“C’mon, leave it. We’ve got to cut our
support timbers to prop up that hole,” Martin said. “It ain’t stable.”

“Ah, j
ust for a moment.” With a laugh, Collins vaulted through the hole, and so was the first to see the ancient, heavy table in the center of the mysterious chamber and the chair…

With a skeleton sitting in it.

A skeleton decked in strange jewelry and wearing the floppy hat and moldy velvet robes of a Renaissance-era scholar.

Collins stopp
ed in his tracks when he saw it and pointed, aghast. “Bones!”

Barney, who was following right behind him, ran into Collins’s back on account of not watching where he was going.
He was too busy staring all around at the strange subterranean chamber, his eyes wide.

The rest followed, and when they all saw the skeleton, they let out
exclamations of wonder and shock; the four big, fearless coalminers unconsciously started huddling together with a creeping, superstitious sense of doom.

For t
hey now realized that they had just disturbed the dead.

“This is no ordinary chamber, my lads,” Martin
said in a hushed voice, taking control of the situation, as their leader. He looked around at all the odd things inside the chamber, and the bones. “It’s a tomb.”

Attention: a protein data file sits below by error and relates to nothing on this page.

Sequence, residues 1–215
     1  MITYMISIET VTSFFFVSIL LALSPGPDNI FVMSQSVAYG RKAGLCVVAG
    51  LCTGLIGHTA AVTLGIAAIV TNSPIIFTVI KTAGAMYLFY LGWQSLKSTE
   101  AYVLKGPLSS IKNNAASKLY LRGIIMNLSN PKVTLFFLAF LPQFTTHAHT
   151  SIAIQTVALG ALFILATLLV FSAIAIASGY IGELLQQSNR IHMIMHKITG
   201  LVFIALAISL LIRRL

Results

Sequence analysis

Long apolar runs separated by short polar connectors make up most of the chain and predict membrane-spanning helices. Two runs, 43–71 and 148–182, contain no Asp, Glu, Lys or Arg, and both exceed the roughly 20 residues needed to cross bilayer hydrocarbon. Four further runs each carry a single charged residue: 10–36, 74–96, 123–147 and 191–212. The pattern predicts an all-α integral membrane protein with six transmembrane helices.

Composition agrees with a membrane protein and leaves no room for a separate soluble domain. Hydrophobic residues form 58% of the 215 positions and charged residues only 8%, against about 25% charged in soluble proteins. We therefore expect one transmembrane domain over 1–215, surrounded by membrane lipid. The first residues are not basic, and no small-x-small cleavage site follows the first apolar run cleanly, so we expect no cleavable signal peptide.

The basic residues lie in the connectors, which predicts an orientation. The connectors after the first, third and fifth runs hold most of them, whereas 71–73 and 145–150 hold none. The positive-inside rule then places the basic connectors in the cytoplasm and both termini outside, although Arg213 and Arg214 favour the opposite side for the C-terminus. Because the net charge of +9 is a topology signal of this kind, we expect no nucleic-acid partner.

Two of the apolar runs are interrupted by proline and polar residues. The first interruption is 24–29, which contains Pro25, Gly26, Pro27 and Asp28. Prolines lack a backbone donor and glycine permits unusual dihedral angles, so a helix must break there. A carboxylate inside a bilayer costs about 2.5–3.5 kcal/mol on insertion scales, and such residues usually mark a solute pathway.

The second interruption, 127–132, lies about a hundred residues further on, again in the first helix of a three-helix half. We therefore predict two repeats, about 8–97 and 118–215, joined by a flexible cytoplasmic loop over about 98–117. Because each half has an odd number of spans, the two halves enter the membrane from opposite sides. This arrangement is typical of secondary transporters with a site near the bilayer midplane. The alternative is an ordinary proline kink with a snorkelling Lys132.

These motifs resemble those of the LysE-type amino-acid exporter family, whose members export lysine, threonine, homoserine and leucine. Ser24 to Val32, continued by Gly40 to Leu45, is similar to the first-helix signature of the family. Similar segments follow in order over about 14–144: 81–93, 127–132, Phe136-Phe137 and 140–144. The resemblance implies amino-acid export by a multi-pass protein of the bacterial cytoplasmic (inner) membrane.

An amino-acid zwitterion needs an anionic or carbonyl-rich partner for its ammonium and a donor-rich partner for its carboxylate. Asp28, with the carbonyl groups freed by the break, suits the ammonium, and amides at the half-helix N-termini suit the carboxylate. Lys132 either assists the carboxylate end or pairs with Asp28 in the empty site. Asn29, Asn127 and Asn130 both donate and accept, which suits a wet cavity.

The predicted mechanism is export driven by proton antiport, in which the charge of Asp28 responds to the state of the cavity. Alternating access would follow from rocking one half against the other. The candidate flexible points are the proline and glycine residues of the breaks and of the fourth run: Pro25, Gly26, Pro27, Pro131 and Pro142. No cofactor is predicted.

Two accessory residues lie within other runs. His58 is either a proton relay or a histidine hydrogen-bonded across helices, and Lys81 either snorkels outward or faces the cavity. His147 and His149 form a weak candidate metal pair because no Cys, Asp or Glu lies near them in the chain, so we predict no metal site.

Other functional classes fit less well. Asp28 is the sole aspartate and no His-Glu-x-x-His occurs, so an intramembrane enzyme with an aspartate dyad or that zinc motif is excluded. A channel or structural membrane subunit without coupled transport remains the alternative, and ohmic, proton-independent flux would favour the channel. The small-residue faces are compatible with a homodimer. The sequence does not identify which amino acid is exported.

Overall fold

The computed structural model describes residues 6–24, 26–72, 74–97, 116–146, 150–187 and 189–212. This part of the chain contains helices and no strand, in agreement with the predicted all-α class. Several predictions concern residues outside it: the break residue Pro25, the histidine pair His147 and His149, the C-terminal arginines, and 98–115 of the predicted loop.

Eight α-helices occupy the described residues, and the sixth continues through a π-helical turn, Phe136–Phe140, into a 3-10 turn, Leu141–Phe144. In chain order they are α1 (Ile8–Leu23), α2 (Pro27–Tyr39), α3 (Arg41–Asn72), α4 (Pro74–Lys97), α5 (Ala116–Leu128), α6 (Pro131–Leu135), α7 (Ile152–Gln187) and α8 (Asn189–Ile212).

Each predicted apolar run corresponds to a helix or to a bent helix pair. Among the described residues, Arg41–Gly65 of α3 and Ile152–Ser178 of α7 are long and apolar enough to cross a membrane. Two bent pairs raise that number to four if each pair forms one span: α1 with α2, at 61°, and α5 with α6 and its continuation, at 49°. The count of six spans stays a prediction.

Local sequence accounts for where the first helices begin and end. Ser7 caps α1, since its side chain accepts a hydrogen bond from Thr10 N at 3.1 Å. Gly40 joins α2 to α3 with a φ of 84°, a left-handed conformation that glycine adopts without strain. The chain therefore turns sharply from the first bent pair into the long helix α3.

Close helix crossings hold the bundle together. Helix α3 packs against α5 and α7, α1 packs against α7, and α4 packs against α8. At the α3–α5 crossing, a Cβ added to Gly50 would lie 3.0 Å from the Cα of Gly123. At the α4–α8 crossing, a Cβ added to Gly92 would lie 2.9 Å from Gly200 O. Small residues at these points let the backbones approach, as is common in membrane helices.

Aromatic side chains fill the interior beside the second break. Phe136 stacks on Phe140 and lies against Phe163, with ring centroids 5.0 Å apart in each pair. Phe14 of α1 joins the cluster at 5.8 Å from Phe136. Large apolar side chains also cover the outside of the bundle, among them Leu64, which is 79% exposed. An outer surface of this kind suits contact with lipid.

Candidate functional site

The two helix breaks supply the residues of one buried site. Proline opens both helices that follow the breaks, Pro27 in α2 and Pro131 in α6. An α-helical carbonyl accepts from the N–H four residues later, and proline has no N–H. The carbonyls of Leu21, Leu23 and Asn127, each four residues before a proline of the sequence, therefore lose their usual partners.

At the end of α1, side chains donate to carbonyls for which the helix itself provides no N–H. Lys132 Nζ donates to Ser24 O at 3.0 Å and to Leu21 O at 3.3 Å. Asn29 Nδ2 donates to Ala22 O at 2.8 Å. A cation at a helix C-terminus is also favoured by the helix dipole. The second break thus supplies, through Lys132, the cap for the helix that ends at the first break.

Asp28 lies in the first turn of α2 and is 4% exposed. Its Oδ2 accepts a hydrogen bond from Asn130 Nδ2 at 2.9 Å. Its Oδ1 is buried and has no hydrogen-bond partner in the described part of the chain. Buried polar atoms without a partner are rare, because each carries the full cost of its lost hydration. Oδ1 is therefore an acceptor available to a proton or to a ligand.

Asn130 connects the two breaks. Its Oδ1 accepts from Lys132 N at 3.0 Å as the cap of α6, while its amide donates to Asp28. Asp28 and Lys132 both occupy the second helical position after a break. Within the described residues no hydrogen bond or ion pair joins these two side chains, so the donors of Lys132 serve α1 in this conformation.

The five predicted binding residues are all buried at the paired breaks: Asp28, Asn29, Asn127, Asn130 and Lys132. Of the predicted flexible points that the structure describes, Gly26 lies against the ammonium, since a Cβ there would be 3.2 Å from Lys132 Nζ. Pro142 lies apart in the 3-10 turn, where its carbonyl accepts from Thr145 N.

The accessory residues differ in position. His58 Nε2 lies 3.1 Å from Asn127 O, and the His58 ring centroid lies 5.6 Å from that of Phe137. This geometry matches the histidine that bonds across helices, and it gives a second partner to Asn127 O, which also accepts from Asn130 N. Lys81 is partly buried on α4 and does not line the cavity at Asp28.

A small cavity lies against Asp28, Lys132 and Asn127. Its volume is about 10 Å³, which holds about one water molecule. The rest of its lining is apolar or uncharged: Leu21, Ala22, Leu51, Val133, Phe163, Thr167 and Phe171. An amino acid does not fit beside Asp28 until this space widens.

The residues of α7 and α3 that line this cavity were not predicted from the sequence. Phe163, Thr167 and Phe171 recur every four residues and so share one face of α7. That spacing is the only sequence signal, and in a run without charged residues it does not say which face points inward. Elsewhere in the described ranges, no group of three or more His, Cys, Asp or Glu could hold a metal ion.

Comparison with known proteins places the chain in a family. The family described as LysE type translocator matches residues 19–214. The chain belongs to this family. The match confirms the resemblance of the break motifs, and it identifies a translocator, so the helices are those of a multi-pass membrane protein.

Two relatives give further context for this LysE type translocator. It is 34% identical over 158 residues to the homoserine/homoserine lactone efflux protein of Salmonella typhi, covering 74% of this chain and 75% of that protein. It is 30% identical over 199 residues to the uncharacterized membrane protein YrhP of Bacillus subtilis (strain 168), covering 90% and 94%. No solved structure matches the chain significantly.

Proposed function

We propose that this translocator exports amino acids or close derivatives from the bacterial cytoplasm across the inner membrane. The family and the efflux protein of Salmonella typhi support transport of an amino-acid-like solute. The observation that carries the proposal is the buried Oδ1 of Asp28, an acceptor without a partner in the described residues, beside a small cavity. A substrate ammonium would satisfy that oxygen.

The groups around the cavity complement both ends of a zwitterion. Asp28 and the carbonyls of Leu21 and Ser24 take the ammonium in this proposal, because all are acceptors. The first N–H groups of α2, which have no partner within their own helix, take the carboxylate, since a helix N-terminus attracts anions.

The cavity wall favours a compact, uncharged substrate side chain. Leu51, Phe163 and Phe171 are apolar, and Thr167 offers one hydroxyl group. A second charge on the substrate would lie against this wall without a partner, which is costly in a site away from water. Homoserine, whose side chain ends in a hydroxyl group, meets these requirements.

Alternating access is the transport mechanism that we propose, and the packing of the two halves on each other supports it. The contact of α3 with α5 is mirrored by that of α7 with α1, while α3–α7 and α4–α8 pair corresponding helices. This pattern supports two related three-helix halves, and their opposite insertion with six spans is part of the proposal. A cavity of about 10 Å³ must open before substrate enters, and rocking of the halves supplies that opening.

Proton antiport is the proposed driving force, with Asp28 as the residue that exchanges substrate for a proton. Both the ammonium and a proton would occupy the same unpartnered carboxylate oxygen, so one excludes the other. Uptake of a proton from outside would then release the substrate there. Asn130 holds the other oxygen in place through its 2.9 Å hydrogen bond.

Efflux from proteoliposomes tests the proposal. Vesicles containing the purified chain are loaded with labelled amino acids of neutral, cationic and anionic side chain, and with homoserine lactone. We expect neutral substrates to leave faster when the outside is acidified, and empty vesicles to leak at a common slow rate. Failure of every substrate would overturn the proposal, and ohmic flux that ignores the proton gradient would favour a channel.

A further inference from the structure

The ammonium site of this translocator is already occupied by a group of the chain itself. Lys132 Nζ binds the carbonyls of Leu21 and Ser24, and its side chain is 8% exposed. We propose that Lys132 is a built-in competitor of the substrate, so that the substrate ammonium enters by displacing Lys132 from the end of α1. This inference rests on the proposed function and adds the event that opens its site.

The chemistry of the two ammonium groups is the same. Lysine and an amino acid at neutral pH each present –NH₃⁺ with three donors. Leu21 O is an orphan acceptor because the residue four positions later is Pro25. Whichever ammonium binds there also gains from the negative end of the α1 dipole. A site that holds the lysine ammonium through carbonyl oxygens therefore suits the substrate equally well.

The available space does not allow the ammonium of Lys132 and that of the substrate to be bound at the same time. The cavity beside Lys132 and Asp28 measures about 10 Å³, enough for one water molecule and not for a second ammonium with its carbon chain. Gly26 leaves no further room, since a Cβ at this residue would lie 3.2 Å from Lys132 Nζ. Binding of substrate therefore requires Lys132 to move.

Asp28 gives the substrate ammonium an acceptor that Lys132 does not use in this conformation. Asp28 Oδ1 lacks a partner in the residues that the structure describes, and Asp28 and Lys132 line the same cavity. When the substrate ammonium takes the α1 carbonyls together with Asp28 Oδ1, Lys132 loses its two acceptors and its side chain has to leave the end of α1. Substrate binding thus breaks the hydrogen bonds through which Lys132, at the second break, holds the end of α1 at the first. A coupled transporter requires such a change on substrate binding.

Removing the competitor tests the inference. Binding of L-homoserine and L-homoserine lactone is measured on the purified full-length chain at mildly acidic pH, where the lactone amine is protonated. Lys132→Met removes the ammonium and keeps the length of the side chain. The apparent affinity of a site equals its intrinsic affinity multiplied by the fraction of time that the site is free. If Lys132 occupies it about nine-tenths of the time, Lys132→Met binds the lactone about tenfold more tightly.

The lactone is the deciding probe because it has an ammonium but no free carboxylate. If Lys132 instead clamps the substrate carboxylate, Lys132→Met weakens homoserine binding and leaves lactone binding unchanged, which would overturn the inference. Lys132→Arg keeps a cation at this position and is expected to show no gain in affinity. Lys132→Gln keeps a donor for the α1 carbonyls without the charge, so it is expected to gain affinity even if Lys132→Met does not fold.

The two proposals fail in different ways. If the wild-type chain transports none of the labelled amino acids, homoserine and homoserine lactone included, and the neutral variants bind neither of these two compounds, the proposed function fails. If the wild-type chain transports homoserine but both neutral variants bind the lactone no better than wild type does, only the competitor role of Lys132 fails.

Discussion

“But whose?” Smith murmured, while Barney just gulped.

“His,” Collins whispered, staring at the skeleton. “Whoever he is.”

The skull’s empty eyes stared right
back at them from the darkness, giving them no answers.

Sitting upright, as if
he had died right where he sat, whatever soul had once owned those bones had left this life surrounded by his books and papers.

This seemed odd to Barney
. “But surely not a tomb, Mr. Martin. I mean, folk ain’t usually buried at their desks, is they?”

you do have a point there,” the crew chief admitted, growing ever more aware of some unseen evil lurking in this place.

“Maybe he died alone down ’
ere and nobody ever noticed,” Collins opined.

“Likely so,” Martin quickly agreed, but Smi
th shook his head and whispered, “Maybe he couldn’t get out.”

Somebody gulped in the inky darkness

“Maybe we
’d better leave,” Barney squeaked, but unfortunately, Collins had now recovered his nerve.

“Wonder who he
was, poor bleeder.” As he ventured closer, his hat-lamp shone on the long-dead occupant of the crypt.

Strange jewelry hung around the scholar-skeleton’s neck, an intricate metalwork necklace with all sorts of arcane insignia.
They had no idea what all the strange little symbols meant.

chunky ring hung loosely off the skeleton’s bony finger. The thick band was probably made from locally mined gold, but none of the men recognized the unusual black rock in the center, though they unearthed gems and semi-precious stones in the Harris Mine nearly every day.

None of them could explain it, either, when the black stone took on a cloudy green glow.

“Why’s it doing that?” Smith asked.

“Probably oxidation,” Mr. Martin said sagely. As foreman, he was well aware that lots of the
minerals buried in the earth changed color when the air touched them. “Lord, it’s dank!” he added with a cough.